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Physical Education

Performance fitness

Gathering data outwith the activity

It is also possible to gather information on fitness levels outwith the activity through standardised fitness tests.

There are a wide range of fitness tests available to enable performers to assess particular aspects of their fitness. It is important that these tests are carried out in the correct procedure and format in which they have been developed to make them valid and reliable.

Aspect of fitnessExample of test
Cardio-respiratory endurance12 min Cooper test

Leger test

Muscular enduranceMaximal press-up / sit-up test
SpeedTimes 20m, 30m, 60m, 100m run
PowerMax Jones quad test

Sergeant jump

Strength1 rep max test

Dynamometer

FlexibilitySit and reach test

Shoulder lift

Trunk extension

Why are tests appropriate?

  • Each test is specific to a particular aspect of fitness
  • Tests are widely recognised
  • Norms are established
  • Provide a permanent record, therefore can be repeated and compared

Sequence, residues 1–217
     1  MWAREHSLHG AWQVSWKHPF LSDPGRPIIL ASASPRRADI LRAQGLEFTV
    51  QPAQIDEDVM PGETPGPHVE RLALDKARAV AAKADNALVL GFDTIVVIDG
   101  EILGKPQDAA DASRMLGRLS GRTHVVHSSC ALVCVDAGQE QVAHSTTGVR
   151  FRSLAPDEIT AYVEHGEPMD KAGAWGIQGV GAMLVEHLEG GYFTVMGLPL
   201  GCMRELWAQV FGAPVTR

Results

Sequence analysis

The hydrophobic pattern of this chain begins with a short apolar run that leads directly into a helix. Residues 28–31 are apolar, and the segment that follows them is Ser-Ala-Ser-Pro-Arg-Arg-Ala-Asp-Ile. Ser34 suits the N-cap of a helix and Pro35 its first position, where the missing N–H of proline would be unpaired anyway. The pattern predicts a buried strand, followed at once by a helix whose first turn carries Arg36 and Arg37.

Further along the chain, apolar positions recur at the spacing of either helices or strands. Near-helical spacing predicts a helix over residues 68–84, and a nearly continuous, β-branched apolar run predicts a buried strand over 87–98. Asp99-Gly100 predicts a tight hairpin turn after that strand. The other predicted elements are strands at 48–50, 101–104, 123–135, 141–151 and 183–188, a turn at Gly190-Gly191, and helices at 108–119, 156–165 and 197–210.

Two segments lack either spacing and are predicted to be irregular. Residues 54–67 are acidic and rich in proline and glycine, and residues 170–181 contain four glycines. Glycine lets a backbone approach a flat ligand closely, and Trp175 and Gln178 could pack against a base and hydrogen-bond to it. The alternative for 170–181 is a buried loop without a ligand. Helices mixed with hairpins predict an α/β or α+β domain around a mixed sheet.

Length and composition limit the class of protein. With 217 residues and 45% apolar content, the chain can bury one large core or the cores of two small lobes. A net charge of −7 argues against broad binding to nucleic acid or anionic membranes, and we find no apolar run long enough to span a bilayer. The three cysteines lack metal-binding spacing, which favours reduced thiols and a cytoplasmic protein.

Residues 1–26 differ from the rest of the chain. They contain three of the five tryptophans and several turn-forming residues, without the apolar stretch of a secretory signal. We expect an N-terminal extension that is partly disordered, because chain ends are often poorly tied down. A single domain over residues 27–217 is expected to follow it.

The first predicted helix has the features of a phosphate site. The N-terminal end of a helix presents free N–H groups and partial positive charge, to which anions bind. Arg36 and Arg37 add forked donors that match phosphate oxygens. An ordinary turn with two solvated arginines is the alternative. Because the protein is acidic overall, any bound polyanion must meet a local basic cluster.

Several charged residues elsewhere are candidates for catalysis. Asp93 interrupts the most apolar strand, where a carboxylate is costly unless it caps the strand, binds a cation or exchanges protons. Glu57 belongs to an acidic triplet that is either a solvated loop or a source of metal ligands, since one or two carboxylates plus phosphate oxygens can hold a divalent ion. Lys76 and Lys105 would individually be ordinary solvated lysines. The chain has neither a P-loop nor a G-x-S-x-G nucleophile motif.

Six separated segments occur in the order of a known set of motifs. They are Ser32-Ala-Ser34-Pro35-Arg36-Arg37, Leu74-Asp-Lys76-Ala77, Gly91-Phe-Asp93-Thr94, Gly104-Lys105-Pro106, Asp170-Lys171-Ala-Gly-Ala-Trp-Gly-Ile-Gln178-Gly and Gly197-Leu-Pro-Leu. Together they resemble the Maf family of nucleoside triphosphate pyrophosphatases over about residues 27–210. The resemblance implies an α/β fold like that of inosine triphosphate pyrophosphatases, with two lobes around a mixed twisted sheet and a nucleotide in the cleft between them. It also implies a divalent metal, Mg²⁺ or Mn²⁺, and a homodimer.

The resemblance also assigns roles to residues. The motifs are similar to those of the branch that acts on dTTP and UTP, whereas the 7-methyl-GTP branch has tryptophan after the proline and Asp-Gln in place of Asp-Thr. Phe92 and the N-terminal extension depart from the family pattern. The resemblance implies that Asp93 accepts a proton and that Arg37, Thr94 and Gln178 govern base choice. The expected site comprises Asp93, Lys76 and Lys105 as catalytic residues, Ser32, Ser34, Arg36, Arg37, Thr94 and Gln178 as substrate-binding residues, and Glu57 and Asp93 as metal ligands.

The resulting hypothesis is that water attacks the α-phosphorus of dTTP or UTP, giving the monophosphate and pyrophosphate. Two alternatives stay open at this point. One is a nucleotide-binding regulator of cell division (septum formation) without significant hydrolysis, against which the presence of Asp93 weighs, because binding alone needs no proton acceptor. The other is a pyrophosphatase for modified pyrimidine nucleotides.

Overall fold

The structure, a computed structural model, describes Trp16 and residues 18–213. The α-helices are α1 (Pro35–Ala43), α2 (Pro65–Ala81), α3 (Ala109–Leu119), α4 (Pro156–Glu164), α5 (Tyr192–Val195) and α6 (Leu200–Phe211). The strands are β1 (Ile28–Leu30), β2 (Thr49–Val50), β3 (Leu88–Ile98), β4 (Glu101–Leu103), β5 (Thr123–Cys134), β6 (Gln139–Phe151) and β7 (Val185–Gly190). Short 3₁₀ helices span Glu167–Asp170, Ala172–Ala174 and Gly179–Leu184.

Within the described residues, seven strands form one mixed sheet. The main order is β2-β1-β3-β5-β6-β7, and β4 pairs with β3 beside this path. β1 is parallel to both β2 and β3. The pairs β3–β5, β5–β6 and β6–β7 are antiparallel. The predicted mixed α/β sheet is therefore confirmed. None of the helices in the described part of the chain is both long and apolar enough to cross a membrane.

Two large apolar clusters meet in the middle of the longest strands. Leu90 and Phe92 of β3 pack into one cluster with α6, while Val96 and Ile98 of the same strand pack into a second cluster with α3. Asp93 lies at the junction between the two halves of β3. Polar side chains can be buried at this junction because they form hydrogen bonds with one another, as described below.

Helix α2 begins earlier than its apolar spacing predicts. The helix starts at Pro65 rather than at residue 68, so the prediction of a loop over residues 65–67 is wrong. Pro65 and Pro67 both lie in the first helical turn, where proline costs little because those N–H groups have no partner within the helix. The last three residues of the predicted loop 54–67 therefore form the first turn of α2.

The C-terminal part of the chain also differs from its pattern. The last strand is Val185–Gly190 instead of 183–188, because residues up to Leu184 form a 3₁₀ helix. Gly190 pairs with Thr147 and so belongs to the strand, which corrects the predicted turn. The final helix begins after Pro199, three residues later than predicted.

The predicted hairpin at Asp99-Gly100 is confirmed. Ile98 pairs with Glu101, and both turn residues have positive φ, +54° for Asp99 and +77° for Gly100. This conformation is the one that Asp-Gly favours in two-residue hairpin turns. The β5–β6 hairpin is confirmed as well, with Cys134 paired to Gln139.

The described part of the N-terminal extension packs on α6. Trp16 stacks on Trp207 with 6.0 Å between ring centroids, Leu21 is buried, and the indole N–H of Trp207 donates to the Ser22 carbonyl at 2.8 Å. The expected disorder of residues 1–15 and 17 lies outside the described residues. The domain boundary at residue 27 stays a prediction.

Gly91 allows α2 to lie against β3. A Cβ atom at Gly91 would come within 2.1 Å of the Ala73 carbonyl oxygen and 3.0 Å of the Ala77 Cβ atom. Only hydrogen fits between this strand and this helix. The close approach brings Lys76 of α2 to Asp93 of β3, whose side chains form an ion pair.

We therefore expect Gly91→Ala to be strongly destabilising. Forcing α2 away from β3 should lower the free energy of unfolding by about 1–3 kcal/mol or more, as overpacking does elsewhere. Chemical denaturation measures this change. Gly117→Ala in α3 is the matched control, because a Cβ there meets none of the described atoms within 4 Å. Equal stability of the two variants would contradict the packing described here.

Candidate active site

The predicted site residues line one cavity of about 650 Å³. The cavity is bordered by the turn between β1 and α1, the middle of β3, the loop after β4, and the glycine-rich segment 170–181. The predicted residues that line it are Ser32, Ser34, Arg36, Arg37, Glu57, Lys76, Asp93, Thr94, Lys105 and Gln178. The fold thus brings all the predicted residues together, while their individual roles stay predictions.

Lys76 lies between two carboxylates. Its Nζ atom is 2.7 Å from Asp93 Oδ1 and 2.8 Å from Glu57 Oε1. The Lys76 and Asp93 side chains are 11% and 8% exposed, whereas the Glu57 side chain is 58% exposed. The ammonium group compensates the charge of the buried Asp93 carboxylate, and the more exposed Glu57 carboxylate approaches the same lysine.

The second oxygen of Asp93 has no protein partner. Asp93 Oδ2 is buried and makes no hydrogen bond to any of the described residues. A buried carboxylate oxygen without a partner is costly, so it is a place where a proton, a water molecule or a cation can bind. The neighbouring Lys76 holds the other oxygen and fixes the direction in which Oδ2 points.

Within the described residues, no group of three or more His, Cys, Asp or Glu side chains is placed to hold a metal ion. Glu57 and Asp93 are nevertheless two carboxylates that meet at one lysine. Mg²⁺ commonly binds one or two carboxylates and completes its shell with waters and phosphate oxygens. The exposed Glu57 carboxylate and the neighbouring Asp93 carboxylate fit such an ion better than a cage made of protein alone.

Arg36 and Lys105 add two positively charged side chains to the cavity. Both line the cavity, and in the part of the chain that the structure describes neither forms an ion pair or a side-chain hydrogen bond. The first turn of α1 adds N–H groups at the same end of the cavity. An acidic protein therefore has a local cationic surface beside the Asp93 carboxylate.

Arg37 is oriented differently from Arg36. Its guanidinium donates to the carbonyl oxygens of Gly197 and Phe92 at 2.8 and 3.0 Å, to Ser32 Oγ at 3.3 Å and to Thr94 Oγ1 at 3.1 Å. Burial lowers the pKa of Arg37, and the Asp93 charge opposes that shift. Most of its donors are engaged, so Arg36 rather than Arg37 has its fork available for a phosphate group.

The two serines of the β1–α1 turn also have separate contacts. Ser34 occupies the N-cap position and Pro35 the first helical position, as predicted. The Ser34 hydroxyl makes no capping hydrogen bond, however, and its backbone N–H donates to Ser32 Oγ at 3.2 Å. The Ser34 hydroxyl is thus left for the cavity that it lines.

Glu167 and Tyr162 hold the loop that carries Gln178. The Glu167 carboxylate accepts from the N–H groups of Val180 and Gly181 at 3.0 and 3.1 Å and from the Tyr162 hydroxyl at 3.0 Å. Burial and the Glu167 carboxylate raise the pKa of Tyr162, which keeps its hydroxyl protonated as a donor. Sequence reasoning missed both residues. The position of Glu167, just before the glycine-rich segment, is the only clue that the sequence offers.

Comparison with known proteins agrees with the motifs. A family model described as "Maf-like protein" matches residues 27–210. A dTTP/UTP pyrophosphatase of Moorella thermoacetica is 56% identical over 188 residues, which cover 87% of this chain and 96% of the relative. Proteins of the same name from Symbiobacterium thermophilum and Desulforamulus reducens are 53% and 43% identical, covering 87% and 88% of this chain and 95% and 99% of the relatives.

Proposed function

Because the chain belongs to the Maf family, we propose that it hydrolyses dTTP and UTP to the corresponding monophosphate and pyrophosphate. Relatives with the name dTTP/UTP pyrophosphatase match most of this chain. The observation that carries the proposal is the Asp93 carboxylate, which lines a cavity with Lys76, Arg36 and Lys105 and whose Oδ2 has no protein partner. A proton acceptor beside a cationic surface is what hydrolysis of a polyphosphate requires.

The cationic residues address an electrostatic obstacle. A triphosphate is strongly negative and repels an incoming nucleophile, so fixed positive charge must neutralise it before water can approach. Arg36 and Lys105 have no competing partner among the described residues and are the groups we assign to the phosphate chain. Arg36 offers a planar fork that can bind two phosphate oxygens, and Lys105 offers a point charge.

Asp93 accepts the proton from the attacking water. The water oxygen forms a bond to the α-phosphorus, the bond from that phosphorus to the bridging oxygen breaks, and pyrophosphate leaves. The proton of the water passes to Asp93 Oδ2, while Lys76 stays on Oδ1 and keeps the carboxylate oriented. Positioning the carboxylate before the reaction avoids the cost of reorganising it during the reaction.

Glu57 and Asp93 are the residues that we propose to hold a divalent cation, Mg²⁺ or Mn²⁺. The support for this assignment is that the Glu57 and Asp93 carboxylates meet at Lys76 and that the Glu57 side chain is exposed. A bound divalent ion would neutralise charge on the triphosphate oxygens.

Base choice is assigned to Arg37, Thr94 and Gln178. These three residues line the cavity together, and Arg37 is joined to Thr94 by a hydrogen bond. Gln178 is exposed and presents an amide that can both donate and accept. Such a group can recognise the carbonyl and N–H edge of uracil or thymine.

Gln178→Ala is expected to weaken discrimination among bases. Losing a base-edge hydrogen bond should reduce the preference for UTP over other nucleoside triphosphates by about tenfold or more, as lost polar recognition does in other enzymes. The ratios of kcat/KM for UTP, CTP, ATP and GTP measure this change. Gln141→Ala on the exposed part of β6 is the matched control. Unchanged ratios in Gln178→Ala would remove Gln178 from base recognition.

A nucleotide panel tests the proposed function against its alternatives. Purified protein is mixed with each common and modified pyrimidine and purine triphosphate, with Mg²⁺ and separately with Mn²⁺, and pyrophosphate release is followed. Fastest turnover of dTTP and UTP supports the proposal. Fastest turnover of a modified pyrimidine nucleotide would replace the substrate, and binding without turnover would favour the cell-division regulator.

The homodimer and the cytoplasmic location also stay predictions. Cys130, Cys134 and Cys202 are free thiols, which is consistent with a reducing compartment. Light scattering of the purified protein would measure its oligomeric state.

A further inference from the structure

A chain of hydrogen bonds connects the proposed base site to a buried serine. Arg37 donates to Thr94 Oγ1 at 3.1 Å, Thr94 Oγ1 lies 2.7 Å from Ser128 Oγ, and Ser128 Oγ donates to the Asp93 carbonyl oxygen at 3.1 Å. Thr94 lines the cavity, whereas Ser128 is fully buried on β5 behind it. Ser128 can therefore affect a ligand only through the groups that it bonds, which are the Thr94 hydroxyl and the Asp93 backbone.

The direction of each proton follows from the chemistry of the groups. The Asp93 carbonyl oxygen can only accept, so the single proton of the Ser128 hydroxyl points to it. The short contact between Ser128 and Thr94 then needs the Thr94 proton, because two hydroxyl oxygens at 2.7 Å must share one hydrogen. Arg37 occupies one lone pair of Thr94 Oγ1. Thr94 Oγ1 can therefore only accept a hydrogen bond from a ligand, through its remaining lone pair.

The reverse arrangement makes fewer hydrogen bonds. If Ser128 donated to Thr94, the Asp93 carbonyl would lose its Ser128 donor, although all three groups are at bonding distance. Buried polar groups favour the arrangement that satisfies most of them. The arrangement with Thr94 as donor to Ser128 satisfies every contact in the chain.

• Compare to elite performer
  • Can set training intensity and goals
  • Identify strengths and weaknesses
  • Can set training intensity and set targets

How to ensure a test is valid:

  • Strict guidelines on test procedure should be followed, to make sure test is accurate
  • When retesting conditions must be constant, to ensure reliability
  • Results must be non biased
  • Test must measure the correct aspect of fitness

Analysing data collected

Data from a movement analysis chart may show for example that towards the end of each basketball quarter, overall involvement in the game started to decline (ie. fewer sprints made, less lay ups attempted etc). This would suggest that there was a problem with cardiovascular endurance. This could then be backed up by completing the 12 minute Cooper test and comparing results to norms.

Similarly video analysis and an observation schedule of the long jump could suggest a lack of power in the take off phase. This could be backed up from results of the Max Jones Quad Test.

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